"In ancient Arabia, the sun-god was viewed as a female goddess and the moon as the male god. As has been pointed out by many scholars as Alfred Guilluame, the moon god was called by various names, one of which was Allah (op.cit., Islam, p.7)
"The name Allah was used as the personal name of the moon god, in addition to the other titles that could be given to him.
"Allah, the moon god, was married to the sun goddess. Together they produced three goddesses who were called 'the daughters of Allah'. These three goddesses were called Al-Lat, Al-Uzza, and Manat.
"The daughters of Allah, along with Allah and the sun goddess were viewed as "high" gods. That is, they were viewed as being at the top of the pantheon of Arabian deities" (Robert Morey, The Islamic Invasion, Eugene, Oregon, Harvest House Publishers, 1977, pp.50-51).
The Encyclopedia of World Mythology and Legend records:
"Along with Allah, however, they worshiped a host of lesser gods and "daughters of Allah" (op.cit., I:61).
The Encyclopedia of Religion says: "'Allah' is a pre-Islamic name ... corresponding to the Babylonian Bel" (ed. James Hastings, Edinburgh, T. & T. Clark, 1908, I:326).
In Mesopotamia the Sumerian god Nanna, named Sîn by the Akkadians, was worshiped in particular in Ur, where he was the chief god of the city, and also in the city of Harran in Syria, which had close religious links with Ur. The Ugaritic texts have shown that there a moon deity was worshiped under the name yrh. On the monuments the god is represented by the symbol of the crescent moon. At Hazor in Palestine a small Canaanite shrine of the late Bronze Age was discovered which contained a basalt stele depicting two hands lifted as if in prayer to a crescent moon, indicating that the shrine was dedicated to the moon god.
The worship of stellar deities, instead of Yahweh, was always a temptation faced by the Israelites (Dt.4:19; Jer.7:18; Am.5:26; Ac.7:43). But Yahweh is at the zenith of the heavens (Job 22:12).
"The Quraysh tribe into which Mohammad was born was particularly devoted to Allah, the moon god, and especially to Allah's three daughters who were viewed as intercessors between the people and Allah.
"The worship of the three goddesses, Al-Lat, Al-Uzza, and Manat, played a significant rôle in the worship at the Kabah in Mecca. The first two daughters of Allah had names which were feminine forms of Allah."The literal Arabic name of Muhammad's father was Abd-Allah. His uncle's name was Obied-Allah. These names reveal the personal devotion that Muhammad's pagan family had to the worship of Allah, the moon god" ( Morey, p.51).
Nabonidus (555-539 BC), was the last king of Babylon, and he built Tayma, Arabia as a center of Moon-god worship. Segall stated, "South Arabia's "stellar religion" has always been dominated by the Moon-god in various forms" (Some scholars have also noticed that the Moon-god's name "Sin" is a part of such Arabic words as "Sin-ai," the "wilderness of Sin," etc.) Mecca was built as a shrine for the Moon-god. This is what made it the most sacred site of Arabian paganism. In 1944, G. Caton Thompson revealed in her book, "The Tombs and Moon Temple of Hureidha", that she had uncovered a temple of the Moon-god in southern Arabia. The symbols of the crescent moon and no less than twenty-one inscriptions with the name Sin were found in this temple. An idol which may be the Moon-god himself was also discovered. This was confirmed by other well-known archeologists.
In 1944, G. Caton Thompson revealed in her book, The Tombs and Moon Temple of Hureidah, that she had uncovered a temple of the moon-god in southern Arabia (see map above). The symbols of the crescent moon and no less than 21 inscriptions with the name Sîn were found in this temple (see above left). An idol which is probably the moon-god himself was also discovered (see above right). This was later confirmed by other well-known archaeologists (See Richard Le Baron Bower Jr. and Frank P. Albright, Archaeological Discoveries in South Arabia, Baltimore, John Hopkins University Press, 1958, p.78ff; Ray Cleveland, An Ancient South Arabian Necropolis, Baltimore, John Hopkins University Press, 1965; Nelson Gleuck, Deities and Dolphins, New York, Farrar, Strauss and Giroux, 1965).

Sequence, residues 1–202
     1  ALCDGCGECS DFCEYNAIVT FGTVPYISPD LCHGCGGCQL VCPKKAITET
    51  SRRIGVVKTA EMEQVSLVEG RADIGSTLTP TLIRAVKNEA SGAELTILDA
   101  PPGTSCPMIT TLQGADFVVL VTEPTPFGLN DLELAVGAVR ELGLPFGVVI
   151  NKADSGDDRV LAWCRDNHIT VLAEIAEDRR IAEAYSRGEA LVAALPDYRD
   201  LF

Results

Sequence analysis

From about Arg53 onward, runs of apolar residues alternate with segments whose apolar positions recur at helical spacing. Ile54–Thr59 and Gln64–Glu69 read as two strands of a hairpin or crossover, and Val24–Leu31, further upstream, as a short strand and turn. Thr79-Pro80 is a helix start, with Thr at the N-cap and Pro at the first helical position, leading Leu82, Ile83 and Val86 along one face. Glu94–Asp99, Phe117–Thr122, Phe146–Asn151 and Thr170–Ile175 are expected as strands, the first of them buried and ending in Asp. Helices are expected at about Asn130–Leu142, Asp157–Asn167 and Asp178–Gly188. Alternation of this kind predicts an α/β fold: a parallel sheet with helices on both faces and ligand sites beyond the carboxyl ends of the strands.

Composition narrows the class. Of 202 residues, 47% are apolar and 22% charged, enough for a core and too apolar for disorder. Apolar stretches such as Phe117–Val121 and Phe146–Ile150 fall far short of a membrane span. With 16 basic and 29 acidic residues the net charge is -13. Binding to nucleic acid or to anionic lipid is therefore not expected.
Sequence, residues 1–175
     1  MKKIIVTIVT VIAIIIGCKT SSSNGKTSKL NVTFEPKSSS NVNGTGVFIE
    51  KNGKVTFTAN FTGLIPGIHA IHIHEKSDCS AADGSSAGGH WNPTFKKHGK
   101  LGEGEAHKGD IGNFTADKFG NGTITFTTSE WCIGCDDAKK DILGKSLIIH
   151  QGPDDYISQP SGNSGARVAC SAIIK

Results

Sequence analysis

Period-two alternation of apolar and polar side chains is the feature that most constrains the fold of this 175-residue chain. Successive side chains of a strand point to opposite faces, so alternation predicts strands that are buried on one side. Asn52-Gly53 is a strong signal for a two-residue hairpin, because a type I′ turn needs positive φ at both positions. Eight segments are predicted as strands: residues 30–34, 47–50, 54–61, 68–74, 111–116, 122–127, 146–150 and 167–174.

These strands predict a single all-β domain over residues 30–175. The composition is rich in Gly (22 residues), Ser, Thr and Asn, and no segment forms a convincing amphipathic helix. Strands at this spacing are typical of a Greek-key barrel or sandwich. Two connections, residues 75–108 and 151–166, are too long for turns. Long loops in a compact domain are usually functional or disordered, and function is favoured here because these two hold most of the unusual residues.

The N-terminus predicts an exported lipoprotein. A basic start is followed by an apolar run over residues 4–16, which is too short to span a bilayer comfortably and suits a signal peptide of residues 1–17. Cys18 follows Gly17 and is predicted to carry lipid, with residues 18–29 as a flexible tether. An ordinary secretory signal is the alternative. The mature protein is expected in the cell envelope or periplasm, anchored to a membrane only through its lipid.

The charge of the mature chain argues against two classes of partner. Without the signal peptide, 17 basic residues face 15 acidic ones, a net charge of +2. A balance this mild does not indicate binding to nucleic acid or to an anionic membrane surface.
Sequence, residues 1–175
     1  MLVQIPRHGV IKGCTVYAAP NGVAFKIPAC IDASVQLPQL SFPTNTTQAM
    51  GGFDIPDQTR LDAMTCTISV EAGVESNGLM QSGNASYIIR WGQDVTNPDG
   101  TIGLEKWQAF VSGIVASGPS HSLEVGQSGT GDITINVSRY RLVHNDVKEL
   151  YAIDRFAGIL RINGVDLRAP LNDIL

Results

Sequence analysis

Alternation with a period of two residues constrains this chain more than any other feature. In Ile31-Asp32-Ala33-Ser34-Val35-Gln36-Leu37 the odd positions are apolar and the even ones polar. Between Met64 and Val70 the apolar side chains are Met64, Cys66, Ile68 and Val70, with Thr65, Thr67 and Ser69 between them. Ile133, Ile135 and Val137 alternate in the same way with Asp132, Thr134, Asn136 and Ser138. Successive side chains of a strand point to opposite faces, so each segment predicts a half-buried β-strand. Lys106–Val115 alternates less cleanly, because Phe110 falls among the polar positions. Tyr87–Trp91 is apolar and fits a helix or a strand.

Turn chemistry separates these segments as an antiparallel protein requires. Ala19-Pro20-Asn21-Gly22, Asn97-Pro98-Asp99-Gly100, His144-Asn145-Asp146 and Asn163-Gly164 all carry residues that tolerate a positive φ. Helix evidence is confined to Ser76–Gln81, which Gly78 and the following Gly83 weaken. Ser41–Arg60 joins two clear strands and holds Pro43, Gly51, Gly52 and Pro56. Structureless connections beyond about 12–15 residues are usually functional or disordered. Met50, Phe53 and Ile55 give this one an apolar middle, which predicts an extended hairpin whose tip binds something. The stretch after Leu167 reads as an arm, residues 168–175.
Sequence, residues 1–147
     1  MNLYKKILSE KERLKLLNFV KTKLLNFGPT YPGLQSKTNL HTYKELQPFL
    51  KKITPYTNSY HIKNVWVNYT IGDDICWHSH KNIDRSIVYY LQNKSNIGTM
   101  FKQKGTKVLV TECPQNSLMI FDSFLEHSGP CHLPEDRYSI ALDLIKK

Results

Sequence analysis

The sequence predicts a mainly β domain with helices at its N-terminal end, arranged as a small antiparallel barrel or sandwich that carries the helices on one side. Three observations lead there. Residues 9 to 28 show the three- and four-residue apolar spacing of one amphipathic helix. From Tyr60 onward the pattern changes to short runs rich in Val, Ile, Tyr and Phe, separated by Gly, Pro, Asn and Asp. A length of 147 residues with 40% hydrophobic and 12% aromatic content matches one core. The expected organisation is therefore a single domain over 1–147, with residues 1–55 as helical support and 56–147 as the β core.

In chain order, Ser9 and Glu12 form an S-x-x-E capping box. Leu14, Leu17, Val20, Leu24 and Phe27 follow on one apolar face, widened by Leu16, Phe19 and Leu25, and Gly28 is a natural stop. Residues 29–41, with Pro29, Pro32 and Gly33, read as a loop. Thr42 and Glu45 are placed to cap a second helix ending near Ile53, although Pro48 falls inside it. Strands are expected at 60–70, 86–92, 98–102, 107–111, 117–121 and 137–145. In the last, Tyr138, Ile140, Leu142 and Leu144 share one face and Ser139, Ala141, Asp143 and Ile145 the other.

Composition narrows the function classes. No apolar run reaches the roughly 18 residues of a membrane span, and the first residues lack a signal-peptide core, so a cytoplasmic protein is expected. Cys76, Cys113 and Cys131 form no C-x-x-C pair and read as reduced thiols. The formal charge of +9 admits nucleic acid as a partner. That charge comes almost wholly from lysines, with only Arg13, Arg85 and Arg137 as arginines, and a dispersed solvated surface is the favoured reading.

Worship of the Moon god continued in the Christian era. Evidence gathered from both North and South Arabia demonstrate that Moon-god worship was clearly active even in Muhammad's day and was still the dominant cult. According to numerous inscriptions, while the name of the Moon-god was Sin, his title was al-ilah, i.e. "the deity," meaning that he was the chief or high god among the gods. As Dr. Coon pointed out, "The god Il or Ilah was originally a phase of the Moon God." The Moon-god was called al-ilah, i.e. the god, which was shortened to Allah in pre-Islamic times. The pagan Arabs even used Allah in the names they gave to their children. For example, both Muhammad's father and uncle had Allah as part of their names. The fact that they were given such names by their pagan parents proves that Allah was the title for the Moon-god even in Muhammad's day. Prof. Coon goes on to say, "Similarly, under Mohammed's tutelage, the relatively anonymous Ilah, became Al-Ilah, The God, or Allah, the Supreme Being."
The word "Allah" comes from the compound Arabic word, al-ilah. Al is the definite article "the" and ilah is an Arabic word for "god", i.e. the god. We see immediately that (a) this is not a proper name but a generic name rather like the Hebrew El (which as we have seen was used of any deity; and (b) that Allah is not a foreign word (as it would have been if it had been borrowed from the Hebrew Bible) but a purely Arabic one. It would also be wrong to compare "Allah" with the Hebrew or Greek for God (El and Theos, respectively), because "Allah" is purely an Arabic term used exclusively in reference to an Arabic deity.
THE classic scholarship in West on Qur'an :
http://www.youtube.com/watch?v=B-82PT90T28 (ignore the religious claims at the beginning, start at 1:00)
So, as far as I'm concerned, unless specific specialist, and reputable sources are used, and non-Quranic references used. the points I made stand.
Sent by Jebus to put the stud back in Bible Study. "I believe Mr. Peanut is the Messiah" -- onlinebiker
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RE: Ask a Muslim [split from introductions] - Bucky Ball - 20-01-2013 03:54 PM